When the fitness wearable company Fitbit filed IPO papers Thursday, the first question that came to mind was: “Why now? The (potentially Fitbit-swallowing) Apple Watch has just hit the market!”

Here’s what Fitbit says about the Apple Watch in the “risk factors” section of the filing: “Apple has recently introduced the Apple Watch smartwatch, with broad-based functionalities, including some health and fitness tracking capabilities.”

But Fitbit probably isn’t very worried about the Apple Watch right now. Looking at Fitbit’s market position, brand visibility, and sales numbers, the San Francisco wearables company has been on a reasonable trajectory toward an IPO, and has good reasons for holding one now.

Fitbit's Force

Above: Fitbit’s Force

Image Credit: Fitbit

Fitbit has for a long time been the best-known brand in the fitness tracker space, and sales numbers show it. Sales in 2014 doubled from 2013, ramping up on a nice upward curve throughout the the year.

The research house NPD says Fitbit now controls a 62 percent market share for fitness trackers in the U.S. Profits look solid too.

Some in the media suggest that we have a classic battle brewing between the lower-priced purpose-built device (Fitbit) and the more expensive Swiss army knife device (the Watch). The argument goes that the Apple Watch has all the features of the Fitbit, plus a lot more, so there’s little reason to buy a Fitbit.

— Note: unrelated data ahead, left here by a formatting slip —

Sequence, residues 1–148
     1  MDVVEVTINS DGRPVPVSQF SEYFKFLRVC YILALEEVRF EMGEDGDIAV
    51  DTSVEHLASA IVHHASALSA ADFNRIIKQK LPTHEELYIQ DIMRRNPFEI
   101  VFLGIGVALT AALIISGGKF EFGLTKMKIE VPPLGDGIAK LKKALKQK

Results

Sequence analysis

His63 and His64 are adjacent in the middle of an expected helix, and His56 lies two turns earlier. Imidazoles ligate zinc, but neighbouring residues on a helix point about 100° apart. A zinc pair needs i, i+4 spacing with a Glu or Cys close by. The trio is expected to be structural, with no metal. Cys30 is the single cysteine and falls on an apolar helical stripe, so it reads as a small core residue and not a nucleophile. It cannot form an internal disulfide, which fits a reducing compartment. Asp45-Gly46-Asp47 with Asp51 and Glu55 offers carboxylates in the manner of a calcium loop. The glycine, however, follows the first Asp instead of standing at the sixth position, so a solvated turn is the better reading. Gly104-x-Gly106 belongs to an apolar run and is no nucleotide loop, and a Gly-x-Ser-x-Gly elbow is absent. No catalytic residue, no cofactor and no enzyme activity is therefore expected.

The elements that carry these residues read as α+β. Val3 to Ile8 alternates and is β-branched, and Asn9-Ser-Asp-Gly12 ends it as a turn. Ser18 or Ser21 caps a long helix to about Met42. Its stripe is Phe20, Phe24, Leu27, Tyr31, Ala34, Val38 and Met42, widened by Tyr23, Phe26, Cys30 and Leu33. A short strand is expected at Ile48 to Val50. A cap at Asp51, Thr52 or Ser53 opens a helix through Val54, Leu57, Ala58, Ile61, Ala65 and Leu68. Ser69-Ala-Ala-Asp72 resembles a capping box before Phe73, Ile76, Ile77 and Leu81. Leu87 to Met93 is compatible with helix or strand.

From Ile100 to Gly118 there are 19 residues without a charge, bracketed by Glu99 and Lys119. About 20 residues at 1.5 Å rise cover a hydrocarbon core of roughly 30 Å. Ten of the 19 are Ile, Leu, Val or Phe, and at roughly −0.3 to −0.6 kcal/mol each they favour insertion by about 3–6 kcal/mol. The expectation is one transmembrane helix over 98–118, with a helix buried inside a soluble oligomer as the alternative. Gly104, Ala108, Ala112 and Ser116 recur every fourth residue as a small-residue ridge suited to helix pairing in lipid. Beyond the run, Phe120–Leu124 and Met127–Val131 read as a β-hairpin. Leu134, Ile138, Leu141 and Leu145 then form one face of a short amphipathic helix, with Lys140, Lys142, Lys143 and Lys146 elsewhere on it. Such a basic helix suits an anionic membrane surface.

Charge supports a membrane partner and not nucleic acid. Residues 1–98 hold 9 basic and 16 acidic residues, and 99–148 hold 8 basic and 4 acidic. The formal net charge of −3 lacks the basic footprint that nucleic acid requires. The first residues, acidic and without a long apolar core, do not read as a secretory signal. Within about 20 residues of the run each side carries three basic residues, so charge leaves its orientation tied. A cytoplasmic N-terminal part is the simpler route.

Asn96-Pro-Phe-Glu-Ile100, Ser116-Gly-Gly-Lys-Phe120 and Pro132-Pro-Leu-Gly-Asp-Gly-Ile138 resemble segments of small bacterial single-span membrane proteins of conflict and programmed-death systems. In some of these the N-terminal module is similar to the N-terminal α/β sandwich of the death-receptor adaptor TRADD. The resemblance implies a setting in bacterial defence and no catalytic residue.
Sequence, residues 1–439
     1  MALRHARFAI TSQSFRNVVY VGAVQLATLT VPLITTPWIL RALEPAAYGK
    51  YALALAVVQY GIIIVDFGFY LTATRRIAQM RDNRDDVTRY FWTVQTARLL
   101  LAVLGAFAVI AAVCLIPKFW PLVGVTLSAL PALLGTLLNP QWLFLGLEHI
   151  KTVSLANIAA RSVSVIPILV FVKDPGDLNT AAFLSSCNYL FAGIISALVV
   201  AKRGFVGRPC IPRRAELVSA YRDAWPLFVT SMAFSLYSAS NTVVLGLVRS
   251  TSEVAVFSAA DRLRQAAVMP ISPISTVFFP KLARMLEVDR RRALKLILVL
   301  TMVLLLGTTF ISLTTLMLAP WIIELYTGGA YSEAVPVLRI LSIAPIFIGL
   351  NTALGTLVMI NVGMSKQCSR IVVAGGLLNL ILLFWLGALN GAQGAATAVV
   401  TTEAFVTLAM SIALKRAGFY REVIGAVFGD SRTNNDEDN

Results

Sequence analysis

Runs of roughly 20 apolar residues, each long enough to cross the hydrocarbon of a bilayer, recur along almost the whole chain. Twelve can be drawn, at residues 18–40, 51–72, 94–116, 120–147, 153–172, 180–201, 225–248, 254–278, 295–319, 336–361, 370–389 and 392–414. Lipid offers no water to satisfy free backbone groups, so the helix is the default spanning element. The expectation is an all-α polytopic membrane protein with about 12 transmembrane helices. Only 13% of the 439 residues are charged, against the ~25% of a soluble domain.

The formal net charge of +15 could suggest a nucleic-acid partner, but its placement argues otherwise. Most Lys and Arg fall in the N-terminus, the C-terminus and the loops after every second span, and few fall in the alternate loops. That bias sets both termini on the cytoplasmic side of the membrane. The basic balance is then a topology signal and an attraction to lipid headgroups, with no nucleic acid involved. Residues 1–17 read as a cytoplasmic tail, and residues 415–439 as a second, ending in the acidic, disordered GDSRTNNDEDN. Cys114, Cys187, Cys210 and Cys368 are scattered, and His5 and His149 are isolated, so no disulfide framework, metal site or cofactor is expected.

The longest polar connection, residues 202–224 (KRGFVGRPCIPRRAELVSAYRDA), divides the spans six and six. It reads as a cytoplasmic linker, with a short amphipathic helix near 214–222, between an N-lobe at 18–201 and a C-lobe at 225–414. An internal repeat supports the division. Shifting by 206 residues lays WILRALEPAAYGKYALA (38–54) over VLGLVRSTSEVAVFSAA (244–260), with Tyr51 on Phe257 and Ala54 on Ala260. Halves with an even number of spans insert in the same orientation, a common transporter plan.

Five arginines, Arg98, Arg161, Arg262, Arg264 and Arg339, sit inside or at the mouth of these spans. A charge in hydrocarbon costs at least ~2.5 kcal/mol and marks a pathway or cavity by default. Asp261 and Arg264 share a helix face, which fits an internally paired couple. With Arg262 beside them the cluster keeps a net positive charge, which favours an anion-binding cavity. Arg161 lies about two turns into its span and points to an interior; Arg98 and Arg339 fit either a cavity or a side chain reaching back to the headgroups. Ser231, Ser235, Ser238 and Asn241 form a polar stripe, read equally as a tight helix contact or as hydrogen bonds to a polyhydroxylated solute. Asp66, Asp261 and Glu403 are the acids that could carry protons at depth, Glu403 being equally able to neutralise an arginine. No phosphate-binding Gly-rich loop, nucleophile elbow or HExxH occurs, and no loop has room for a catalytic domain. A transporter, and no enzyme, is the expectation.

But it’s not that simple. Fitbit trackers have been adding smartwatch-like features like heartbeat monitoring and phone notifications, and they also have the sleep tracking function that the Watch lacks.

From the consumer perspective, there’s a huge difference in the price points. Plenty of people will be interested in the health aspects of a wearable and will have no interest in paying $200 more for the full set of smartwatch features in an Apple Watch.

To be sure, the Apple Watch is a beauty, and it does a lot of stuff. Maybe too much stuff. The simplicity of the Fitbit device, and the effectiveness of the corresponding app, are key selling points for many buyers.

Threat from downmarket

The real threat to Fitbit might be the growing set of sub-$100 fitness trackers on the market. The one that Fitbit should, perhaps, be most worried about wasn’t even mentioned as a competitor in the IPO filing.

Xiaomi’s wearables partner company, Huami, produces a $13 fitness tracker — the Mi Band — that has been selling like crazy in China after only six months in the market.

xiaomi-mi-band-enThe truth is, selling fitness trackers is becoming a branding game. The component technology itself — the accelerometers and other sensors, the displays, etc. — isn’t that expensive, and prices are dropping.

That’s why everybody and their mother made a fitness tracker in 2014, and that’s why there are products like the Mi Band in the world.

Fitbit already has the solid product and market experience, but it will need to pump up its brand marketing volume to keep separation from the hordes of companies offering less expensive trackers.

Indeed, Fitbit does say in its IPO filing that it’s been increasing its marketing spend, and will continue to do so. A large part of the $100 million or so it’ll raise in its IPO may be used to pay for that.

If Fitbit can bolster its brand enough to maintain and justify its current price points, its sales trajectory may keep moving up. This might help Fitbit become a real performer in the public markets, at least in the near term.